Fort William Historical Park officially unveiled its new observatory today — and a half-metre telescope is the centre of the attraction.

Through this new equipment, visitors can get a good look at planets, stars and distant galaxies, according to Anthony Marrelli, co-ordinator of education at the park.

"I really hope people come out to just understand our place in the universe and get interested in astronomy," he said. "It's much more approachable than people think."

While the actual telescope is outdoors, images are piped into an adjacent building where they're projected on a screen.

"You're going to see some amazing things you normally can't," Marrelli added.

"...the coolest thing [I've seen so far] would be Bode's Galaxy. It's a wonderful galaxy, just beautiful. It's a spiral galaxy … has a bright epicentre, which is a black hole … it's bright because that's the matter being sucked in."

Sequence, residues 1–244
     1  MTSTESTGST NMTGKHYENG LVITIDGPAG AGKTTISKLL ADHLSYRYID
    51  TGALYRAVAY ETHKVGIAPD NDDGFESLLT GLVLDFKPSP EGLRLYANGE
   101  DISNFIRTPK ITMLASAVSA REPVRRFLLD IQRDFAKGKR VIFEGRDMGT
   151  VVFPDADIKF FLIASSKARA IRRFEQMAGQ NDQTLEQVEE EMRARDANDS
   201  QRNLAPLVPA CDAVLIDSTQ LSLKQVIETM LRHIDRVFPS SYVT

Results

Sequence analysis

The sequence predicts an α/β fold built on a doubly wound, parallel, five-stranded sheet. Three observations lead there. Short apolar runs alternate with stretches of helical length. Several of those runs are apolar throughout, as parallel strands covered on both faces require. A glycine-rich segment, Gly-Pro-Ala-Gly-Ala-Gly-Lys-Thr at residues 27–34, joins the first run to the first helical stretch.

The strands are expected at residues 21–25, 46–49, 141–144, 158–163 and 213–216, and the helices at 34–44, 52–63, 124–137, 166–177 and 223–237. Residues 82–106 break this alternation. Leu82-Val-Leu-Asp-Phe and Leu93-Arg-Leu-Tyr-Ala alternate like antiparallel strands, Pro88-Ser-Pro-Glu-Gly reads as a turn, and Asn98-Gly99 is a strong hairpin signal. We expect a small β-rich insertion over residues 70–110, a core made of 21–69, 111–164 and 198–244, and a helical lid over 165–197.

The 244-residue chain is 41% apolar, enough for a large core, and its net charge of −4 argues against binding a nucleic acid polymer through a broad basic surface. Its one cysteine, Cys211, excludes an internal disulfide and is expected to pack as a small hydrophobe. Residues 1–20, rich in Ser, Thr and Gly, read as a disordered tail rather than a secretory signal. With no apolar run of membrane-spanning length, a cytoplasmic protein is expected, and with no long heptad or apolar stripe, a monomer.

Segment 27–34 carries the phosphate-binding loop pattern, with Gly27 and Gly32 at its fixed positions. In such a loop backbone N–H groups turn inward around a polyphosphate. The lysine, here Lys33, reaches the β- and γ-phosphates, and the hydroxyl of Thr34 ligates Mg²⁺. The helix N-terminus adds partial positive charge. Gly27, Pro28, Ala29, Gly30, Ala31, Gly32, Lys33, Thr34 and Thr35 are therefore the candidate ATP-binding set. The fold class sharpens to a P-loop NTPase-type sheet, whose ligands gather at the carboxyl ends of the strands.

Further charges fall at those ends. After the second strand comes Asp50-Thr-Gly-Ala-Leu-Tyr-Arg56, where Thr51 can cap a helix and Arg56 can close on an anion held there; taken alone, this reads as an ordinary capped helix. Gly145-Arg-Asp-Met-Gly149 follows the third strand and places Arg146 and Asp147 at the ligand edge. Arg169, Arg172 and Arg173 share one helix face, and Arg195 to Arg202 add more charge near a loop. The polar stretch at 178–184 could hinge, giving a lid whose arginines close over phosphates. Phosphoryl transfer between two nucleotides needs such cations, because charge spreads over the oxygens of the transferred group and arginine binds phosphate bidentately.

'First class'

The observatory also features a collection of meteorites — including some from the moon — and a scale that shows how much you would weigh on the moon.

In keeping with its First Nations focus, one of the programs that will be offered covers the Ojibway names and stories of constellations.

The general manager at the park said "the fort has to be adaptable to change … with the growing demands of the tourist today and astronomical tourism is one of the fastest growing parts."

Sergio Buonocore said the telescope is "one of the largest … in this part of Canada … I think you 'gotta go to Toronto or Calgary to find anything bigger ... so this is a first class, well run facility."

Corrections

  • An earlier version of this story incorrectly stated the observatory has a 5 metre telescope.
    Dec 17, 2012 12:21 PM ET